Taste of Thai Town

Michael Nagrant / 07.19.15

Before Charlie Trotter, there was Arun Sampanthavivat. In 1985, two years before Trotter launched his eponymous world-famous restaurant, at a time when Thai food awareness was relegated to gummy pad thai and shrimp chips that tasted like Styrofoam, Sampanthavivat opened a prix-fixe temple serving scratch curries and noodles sprinkled with gold leaf. Like Rick Bayless showed America that Mexican food was more than chimichangas, Arun elevated Thai food in the local and national consciousness

Arun’s original restaurant in Irving Park is still going strong, but with prices ranging from $75 to $100, it’s out of reach for many, something Sampanthavivat is hoping to change with his newest spot, Taste of Thai Town. “Arun’s is fine dining,” he said. “It’s not accessible to [the] public at large. Taste of Thai Town is very casual and priced competitively.” Inspired by Chinatown and Little Vietnam, Sampanthavivat, who estimates that the Thai ex-pat population in Chicago is “at least 15,000, probably more,” wants to create a central Thai district beginning with Taste of Thai Town, which is located in a repurposed vintage police station in Albany Park. “I’m trying to bring the Thai community together commercially and socially,” he said. “However, Chinatown took too long. It evolved over 100 years. I want this to go faster, that’s why I’ve worked so closely as a joint venture with the city [Chicago provided TIF funding for the building’s renovation].” I stopped in recently to see if Taste of Thai Town had the tasty goods to be a foundation for Sampanthavivat’s vision.

A crab rangoon walks into a Thai restaurant
If you want to build a true Thai community, it seems you would start with a menu heavy on authentic regional dishes, but the appetizer list at Taste of Thai Town, which includes crab rangoon, potstickers and spring rolls, reads like a greatest hits of every American pan-Asian takeout restaurant in Chicago. Crab rangoon is actually thought to be an American invention created at the tiki-craze pioneer Trader Vic’s. The crab rangoon, potstickers and spring rolls are served as part of a deluxe appetizer platter ($9.95) with something called Larb Moo Tord, a delightful one-bite fried version of a traditional Thai minced pork salad. When I asked Sampanthavivat why he serves crab rangoon at a Thai restaurant, he said, “People in the neighborhood expect it.” He added, “I don’t cook fusion food, because that’s often confusing, but I do believe in serving the very best versions of dishes from other cultures. It’s important to building community.” The rangoon featuring a crispy hand-crimped wrapper and velvety pureed cream cheese is an above-average rendition, and the potstickers are silky, but they’re not the kind of thing you’d travel far for. The croquettes, though, had an intense porkiness and ate like smoky addictive doughnuts that were crispy on the outside and warm and airy on the inside.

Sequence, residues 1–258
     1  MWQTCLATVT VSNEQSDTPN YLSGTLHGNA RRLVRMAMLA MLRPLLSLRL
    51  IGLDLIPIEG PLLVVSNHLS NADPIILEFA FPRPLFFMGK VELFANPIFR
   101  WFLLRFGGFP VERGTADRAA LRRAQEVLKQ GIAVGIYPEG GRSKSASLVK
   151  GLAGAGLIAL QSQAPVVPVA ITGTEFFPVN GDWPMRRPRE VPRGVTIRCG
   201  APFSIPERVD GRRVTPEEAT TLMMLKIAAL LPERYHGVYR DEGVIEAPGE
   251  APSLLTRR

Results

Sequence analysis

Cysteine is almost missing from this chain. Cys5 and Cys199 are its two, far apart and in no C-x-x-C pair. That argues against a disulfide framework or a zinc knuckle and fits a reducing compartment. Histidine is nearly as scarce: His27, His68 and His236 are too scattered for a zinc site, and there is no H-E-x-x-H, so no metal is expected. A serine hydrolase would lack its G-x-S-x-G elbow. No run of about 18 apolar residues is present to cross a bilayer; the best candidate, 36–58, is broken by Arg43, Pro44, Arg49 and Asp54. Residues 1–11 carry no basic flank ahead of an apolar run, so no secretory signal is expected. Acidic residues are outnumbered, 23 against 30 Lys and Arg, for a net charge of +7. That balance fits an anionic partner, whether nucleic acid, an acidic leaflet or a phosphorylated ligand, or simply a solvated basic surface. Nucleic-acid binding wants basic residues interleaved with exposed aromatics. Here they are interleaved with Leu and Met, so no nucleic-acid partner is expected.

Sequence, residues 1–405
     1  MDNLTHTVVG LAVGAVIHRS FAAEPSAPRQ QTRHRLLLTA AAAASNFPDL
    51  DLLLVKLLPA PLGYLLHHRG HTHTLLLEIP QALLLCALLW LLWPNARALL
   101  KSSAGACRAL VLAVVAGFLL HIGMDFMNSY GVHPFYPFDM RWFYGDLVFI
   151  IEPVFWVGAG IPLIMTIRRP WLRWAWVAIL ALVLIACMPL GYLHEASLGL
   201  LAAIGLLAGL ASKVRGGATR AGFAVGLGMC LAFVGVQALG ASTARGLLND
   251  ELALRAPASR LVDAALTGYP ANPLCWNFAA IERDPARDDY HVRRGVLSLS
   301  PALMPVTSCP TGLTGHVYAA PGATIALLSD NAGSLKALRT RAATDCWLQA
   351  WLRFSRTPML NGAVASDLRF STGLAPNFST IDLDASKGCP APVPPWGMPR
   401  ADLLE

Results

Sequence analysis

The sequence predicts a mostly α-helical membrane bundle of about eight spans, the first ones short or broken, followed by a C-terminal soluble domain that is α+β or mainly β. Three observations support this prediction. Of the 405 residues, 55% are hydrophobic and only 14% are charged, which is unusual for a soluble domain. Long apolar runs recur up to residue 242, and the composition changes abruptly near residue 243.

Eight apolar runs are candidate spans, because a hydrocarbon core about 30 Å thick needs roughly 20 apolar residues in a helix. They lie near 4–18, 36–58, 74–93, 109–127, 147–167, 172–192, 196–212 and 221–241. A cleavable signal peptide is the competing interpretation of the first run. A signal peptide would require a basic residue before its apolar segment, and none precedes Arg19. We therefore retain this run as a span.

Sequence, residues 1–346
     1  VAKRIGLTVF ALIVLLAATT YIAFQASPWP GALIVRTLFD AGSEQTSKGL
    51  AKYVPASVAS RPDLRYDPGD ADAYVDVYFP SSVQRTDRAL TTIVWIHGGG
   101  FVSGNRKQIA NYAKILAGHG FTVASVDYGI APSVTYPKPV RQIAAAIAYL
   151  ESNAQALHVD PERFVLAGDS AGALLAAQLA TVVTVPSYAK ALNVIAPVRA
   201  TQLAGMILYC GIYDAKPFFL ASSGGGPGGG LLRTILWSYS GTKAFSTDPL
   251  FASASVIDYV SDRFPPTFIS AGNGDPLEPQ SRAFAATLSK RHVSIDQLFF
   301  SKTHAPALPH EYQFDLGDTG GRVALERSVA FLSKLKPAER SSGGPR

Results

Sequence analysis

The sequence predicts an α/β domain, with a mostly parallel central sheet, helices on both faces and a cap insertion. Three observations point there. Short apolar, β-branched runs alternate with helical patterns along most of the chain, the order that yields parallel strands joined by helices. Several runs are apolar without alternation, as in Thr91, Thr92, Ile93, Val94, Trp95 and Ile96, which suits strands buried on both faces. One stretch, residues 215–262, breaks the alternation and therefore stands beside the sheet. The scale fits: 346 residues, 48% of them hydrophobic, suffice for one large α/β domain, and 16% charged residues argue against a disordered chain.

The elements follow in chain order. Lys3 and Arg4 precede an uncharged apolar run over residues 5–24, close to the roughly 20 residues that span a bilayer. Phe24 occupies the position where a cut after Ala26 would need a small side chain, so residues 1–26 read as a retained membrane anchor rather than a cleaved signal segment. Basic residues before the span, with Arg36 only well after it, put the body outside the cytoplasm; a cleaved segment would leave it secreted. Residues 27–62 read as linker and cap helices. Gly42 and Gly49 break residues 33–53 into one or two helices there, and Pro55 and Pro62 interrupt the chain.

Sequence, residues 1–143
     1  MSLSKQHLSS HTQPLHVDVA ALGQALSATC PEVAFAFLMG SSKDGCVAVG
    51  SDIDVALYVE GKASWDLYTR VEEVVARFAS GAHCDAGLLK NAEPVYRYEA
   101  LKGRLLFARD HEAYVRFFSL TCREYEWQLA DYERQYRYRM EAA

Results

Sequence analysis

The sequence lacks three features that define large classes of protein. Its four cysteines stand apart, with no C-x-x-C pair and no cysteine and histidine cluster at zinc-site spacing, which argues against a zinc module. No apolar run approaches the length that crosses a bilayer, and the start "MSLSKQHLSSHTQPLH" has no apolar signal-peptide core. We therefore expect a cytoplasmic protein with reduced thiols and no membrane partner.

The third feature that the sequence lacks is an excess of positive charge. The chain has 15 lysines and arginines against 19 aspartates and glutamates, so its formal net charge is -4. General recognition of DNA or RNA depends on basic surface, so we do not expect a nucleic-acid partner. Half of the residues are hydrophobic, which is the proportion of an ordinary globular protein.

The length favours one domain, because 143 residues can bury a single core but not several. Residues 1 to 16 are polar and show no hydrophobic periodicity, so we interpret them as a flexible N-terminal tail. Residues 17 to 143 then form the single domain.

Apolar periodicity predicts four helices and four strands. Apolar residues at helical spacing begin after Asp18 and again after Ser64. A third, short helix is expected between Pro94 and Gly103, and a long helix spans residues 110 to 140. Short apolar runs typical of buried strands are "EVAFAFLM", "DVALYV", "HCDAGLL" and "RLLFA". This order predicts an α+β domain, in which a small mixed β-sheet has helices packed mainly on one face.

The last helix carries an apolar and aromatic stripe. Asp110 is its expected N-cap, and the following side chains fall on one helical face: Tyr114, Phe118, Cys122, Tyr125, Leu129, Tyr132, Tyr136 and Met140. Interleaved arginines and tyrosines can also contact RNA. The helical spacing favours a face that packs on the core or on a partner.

A touch above takeout
Though Arun opened the floodgates back in the ’80s with Thai fine dining, in the past decade casual Chicago-area storefront Thai restaurants such as Spoon Thai, Aroy Thai, Tac Quick and Andy’s Thai Kitchen started serving authentic regional delicacies like banana blossom salad, funky spicy Isaan sausage, traditional beef jerkies and pungent fish-sauced, chili-riddled curries. Few of these kinds of dishes are on the expansive Taste of Thai Town menu, which is instead populated with the usual suspects such as pad thai, pad see ewe and basil chicken. If these versions were the best in Chicago, that might be OK, but the chicken pad thai ($8.95) is cloying and has very few contrasting notes or textures. I had a hard time tasting much egg, peanut, fish sauce or tangy tamarind in the preparation. The grains on the crab fried rice ($10.95) were firm and well-cooked, but it had barely a whiff of garlic and only a few slivers of crab meat. A roasted duck curry ($12.95), however, was redemptive. Medium-rare slivers of duck breast bobbed in a sea of flaming curry bursting with heady notes of kaffir lime. Sampanthavivat doesn’t use curry from a jar, and you can tell by the herbaceous perfume that wafts from the bowl.